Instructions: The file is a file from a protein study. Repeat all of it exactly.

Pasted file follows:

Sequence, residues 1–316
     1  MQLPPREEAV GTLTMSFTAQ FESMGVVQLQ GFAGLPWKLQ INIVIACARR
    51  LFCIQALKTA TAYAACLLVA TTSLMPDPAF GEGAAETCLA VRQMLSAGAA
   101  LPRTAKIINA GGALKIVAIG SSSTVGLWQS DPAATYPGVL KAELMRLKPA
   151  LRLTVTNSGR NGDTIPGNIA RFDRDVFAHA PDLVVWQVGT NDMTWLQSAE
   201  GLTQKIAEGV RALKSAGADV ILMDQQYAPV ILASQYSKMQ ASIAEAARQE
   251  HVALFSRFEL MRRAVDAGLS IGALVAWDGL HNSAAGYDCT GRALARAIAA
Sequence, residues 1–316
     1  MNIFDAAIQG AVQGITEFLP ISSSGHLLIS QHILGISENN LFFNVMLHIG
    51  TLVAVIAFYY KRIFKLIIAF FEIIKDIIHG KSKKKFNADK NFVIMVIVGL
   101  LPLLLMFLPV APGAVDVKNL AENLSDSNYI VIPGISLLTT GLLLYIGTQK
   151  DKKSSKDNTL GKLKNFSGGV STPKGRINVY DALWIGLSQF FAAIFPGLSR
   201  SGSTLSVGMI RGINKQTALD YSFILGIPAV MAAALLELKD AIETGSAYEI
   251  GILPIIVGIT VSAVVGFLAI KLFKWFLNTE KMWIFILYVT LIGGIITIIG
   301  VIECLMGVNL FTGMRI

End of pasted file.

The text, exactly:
Sequence, residues 1–316
     1  MQLPPREEAV GTLTMSFTAQ FESMGVVQLQ GFAGLPWKLQ INIVIACARR
    51  LFCIQALKTA TAYAACLLVA TTSLMPDPAF GEGAAETCLA VRQMLSAGAA
   101  LPRTAKIINA GGALKIVAIG SSSTVGLWQS DPAATYPGVL KAELMRLKPA
   151  LRLTVTNSGR NGDTIPGNIA RFDRDVFAHA PDLVVWQVGT NDMTWLQSAE
   201  GLTQKIAEGV RALKSAGADV ILMDQQYAPV ILASQYSKMQ ASIAEAARQE
   251  HVALFSRFEL MRRAVDAGLS IGALVAWDGL HNSAAGYDCT GRALARAIAA
Sequence, residues 1–316
     1  MNIFDAAIQG AVQGITEFLP ISSSGHLLIS QHILGISENN LFFNVMLHIG
    51  TLVAVIAFYY KRIFKLIIAF FEIIKDIIHG KSKKKFNADK NFVIMVIVGL
   101  LPLLLMFLPV APGAVDVKNL AENLSDSNYI VIPGISLLTT GLLLYIGTQK
   151  DKKSSKDNTL GKLKNFSGGV STPKGRINVY DALWIGLSQF FAAIFPGLSR
   201  SGSTLSVGMI RGINKQTALD YSFILGIPAV MAAALLELKD AIETGSAYEI
   251  GILPIIVGIT VSAVVGFLAI KLFKWFLNTE KMWIFILYVT LIGGIITIIG
   301  VIECLMGVNL FTGMRI